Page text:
Category Archives: 1B

EYV – Square Mile – Research and Reading

Chris Gravett

Gravette: The Heart of Hometown America

In 2010 Gravette abandoned his job with a communications company and at the age of sixty enrolled on the BA Photography course at the University of Westminster.  After graduating he was casting around for project ideas when, as a result of Googling his own surname, he came across the eponymous small town in Arkansas which was to become the subject of his first book.



Gravette and Boots © Chris Gravett

Gravette’s primary interest is documentary photography.  During his visit he had hoped to meet and get to know some of the townspeople, allowing this to inform his work.  He discovered that his expectations were optimistic and it wasn’t until he returned to the town several months later at the invitation of an uncharacteristically outgoing resident that he managed to meet some of those he considered to be the ‘real’ residents.


Steven Martinez © Chris Gravett

Gravette’s colour work is pure documentary record.  No attempt appears to have been made to enhance, light or contrive the scene he saw before him at the point of exposure. Had I been standing behind his shoulder at the time I would have seen exactly the same thing.  Where figures appear he sometimes uses a shallower depth of field to seperate them from the background but he generally departs no further than this from the ‘straight photo’ aesthetic.


David Vaughn © Chris Gravett

I’m inspired rather more by Gravette’s life-planning than his images in this series although I do get the impression that the work turned out very much to his satisfaction.


The Barrett Principles

Observations on Terry Barrett’s “Principles for Interpreting Photographs”  [1]

Due to time constraints the heftier tome referred to in the preceding post has been set aside in favour of this lite version!

Terry Barrett (1945-) is an art critic who has written extensively on the processes amd mechanisms of interpreting visual art.  In this chapter of  he has turned his attention to photography, particularly the interpretation of the photographic print.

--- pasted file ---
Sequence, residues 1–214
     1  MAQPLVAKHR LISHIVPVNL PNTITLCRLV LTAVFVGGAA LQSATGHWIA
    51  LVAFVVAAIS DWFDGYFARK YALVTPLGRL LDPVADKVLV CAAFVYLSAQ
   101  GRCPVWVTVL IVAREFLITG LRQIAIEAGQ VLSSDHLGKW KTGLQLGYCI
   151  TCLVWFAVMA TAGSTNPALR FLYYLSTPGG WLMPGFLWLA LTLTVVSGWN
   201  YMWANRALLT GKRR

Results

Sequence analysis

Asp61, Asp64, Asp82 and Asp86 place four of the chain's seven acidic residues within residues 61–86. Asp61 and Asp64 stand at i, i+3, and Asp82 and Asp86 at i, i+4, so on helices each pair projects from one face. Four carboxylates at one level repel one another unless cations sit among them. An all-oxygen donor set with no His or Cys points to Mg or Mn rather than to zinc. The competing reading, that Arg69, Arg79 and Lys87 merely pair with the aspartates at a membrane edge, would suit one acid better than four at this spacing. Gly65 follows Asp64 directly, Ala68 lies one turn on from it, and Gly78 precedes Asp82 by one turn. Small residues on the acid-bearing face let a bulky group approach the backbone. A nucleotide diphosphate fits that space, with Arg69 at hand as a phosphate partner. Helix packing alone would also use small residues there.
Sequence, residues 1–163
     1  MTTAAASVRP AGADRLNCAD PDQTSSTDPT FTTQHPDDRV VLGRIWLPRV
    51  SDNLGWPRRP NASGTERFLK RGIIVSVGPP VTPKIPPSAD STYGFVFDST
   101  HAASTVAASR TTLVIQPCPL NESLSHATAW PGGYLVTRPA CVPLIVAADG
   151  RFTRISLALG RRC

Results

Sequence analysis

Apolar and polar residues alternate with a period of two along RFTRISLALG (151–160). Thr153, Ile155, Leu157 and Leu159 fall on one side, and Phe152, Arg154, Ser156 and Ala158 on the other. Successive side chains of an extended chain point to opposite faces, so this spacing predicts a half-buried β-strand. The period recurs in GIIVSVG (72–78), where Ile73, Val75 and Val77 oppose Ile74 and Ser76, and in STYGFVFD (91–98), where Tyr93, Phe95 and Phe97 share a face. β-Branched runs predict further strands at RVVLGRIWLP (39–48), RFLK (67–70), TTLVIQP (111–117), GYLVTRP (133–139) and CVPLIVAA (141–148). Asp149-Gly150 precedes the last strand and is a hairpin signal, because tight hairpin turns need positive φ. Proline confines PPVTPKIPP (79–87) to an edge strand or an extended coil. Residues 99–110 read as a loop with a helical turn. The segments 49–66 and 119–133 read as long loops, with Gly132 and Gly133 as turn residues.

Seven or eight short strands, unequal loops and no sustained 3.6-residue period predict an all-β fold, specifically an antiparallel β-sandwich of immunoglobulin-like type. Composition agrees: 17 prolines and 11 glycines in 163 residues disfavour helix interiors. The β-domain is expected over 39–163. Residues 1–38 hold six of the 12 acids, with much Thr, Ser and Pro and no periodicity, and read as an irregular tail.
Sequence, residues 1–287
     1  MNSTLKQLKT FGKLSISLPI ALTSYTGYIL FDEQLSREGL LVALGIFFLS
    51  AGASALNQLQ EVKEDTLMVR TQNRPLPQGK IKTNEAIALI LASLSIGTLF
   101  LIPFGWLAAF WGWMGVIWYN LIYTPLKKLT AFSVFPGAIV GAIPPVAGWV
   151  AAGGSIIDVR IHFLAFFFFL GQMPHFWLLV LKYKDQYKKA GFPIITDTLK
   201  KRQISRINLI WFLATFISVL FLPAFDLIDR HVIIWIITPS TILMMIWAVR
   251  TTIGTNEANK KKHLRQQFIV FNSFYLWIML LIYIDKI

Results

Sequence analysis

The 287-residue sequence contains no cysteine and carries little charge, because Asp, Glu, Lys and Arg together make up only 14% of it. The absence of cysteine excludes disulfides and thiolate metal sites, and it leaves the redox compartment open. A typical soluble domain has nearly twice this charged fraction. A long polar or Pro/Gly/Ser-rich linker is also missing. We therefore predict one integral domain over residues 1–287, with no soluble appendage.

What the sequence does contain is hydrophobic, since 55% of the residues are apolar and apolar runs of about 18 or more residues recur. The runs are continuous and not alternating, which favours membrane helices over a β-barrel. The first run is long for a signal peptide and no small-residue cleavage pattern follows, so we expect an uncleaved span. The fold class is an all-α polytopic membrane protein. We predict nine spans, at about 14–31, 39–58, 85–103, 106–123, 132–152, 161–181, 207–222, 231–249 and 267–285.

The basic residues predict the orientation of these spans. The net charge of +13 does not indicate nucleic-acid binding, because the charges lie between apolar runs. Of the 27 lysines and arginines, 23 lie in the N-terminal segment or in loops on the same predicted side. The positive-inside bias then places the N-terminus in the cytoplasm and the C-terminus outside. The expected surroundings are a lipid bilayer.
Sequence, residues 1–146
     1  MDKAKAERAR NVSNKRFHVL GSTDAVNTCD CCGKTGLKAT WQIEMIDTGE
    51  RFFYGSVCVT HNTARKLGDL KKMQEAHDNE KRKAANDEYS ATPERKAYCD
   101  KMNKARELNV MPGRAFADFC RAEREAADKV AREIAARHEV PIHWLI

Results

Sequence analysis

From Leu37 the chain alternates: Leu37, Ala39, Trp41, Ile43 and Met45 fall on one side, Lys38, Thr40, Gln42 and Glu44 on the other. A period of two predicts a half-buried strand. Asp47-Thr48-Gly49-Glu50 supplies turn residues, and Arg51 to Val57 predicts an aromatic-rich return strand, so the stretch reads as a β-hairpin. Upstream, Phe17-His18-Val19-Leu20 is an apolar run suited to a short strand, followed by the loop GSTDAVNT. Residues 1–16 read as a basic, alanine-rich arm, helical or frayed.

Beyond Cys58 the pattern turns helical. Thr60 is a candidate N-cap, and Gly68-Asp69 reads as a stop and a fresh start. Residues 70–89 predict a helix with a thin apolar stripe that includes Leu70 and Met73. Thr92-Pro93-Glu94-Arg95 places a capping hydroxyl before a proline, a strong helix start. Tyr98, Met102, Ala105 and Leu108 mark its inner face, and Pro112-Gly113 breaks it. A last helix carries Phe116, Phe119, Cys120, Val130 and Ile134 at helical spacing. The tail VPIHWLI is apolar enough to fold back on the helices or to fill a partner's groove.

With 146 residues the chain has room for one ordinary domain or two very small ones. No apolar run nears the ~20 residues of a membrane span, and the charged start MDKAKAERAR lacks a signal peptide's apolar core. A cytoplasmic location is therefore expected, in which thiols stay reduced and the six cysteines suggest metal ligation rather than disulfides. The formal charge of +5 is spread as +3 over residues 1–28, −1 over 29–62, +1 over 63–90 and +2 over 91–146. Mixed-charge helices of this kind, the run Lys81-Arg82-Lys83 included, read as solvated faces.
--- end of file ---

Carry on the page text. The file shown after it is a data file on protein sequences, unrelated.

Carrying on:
Barrett makes a fundamental assertion straight away – he maintains that “all images require interpretation”, a direct challenge to the belief that ‘art speaks for itself’.  He bases this viewpoint on the claim that because all art is about something  it has to be interpreted to function as such.

He adds a further four broad clauses to his definition of art:

* A work of art projects a point of view
* A work of art projects this view by rhetorical means
* A work of art requires interpretation
* A work of art and its interpretation require an art historical context

These basic tenets are expanded and explained in the remainder of the chapter. 

I recognise that this is but one point of view, albeit with a sizeable following. Some of the concepts feel rather slippery to me and the conclusions which must be drawn from the assertions appear somewhat precarious.  Can art be defined as an artifact with meaning?  Is the meaning imparted by the intentions of the artist?  We are warned about the falseness of Intentionalism, to the extent that the artist’s intent is worth considering but should not be afforded any preferential treatment. Indeed, the photographer may often produce work with a meaning of which he was unaware at the moment of exposure.  Has Barrett defined art as that artifact which is capable of responding to the five general conditions he describes?

For me, this doctrine of interpretation raises more questions than it answers so after reading the chapter through for a third or fourth time I’m going to select an image and subject it to the Barrett treatment, just to get a feel for how the principles perform under my hand.

In my online enquiries I came across  a video featuring Barrett [2] and was heartened to learn that he never really wanted to be an art critic; he was following a career as an artist but took a job as a teacher to avoid the VietNam war draft.  As the only white teacher in an all-black school he found he enjoyed educating and has taught ever since.

1.  “Principles for Interpreting Photographs” [Terry Barrett; In: The Weight of Photography: Photography History, Theory and Criticism. Johan Swinnen and Luc Deneulin, Editors. Brussells: ASP 2010 pp 147-172].

2.    Terry Barrett interview_part1. 2009. AHKBVO Available at: <; [Accessed 19 Sep. 2016].

Photography Criticism

I had a look through the course materials for Expressing Your Vision and it appears that looking at, studying and criticising the work of other photographers will be a significant part of the course.  I have no experience of photography criticism so I thought I’d better get a head start.  Google obliged as usual, turning up what appears to be a favoured text, published relatively recently:” Criticising Photographs: An Introduction to Understanding Images”  [Terry Barrett.  Mayfield Publishing Company, California, U.S.A., 2000.

It’s a lengthy but interesting read and it seems pertinent to the course as a whole.  I also found a ‘get-you-started’ extract by the same author, “Principles for Interpreting Photographs” [Terry Barrett; In: The Weight of Photography: Photography History, Theory and Criticism. Johan Swinnen and Luc Deneulin, Editors. Brussells: ASP 2010 pp 147-172].

This is my course reading for the moment and I’ll add my observations on them both, here, when finished.